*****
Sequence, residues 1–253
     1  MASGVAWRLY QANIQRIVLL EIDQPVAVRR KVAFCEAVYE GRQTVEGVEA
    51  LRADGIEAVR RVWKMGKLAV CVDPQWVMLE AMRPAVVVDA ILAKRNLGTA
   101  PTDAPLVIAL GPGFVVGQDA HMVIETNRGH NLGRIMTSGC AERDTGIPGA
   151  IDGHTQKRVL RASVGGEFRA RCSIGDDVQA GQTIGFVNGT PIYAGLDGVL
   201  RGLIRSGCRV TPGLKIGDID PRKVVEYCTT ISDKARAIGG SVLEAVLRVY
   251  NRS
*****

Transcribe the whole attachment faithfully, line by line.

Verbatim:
Sequence, residues 1–253
     1  MASGVAWRLY QANIQRIVLL EIDQPVAVRR KVAFCEAVYE GRQTVEGVEA
    51  LRADGIEAVR RVWKMGKLAV CVDPQWVMLE AMRPAVVVDA ILAKRNLGTA
   101  PTDAPLVIAL GPGFVVGQDA HMVIETNRGH NLGRIMTSGC AERDTGIPGA
   151  IDGHTQKRVL RASVGGEFRA RCSIGDDVQA GQTIGFVNGT PIYAGLDGVL
   201  RGLIRSGCRV TPGLKIGDID PRKVVEYCTT ISDKARAIGG SVLEAVLRVY
   251  NRS